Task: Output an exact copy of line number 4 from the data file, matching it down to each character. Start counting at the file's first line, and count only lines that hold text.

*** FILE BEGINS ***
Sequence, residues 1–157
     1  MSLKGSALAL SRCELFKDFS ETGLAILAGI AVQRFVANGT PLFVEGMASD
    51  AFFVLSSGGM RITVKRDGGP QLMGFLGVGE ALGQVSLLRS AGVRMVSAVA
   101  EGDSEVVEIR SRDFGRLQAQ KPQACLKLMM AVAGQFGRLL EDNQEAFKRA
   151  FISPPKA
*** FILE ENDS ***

   101  EGDSEVVEIR SRDFGRLQAQ KPQACLKLMM AVAGQFGRLL EDNQEAFKRA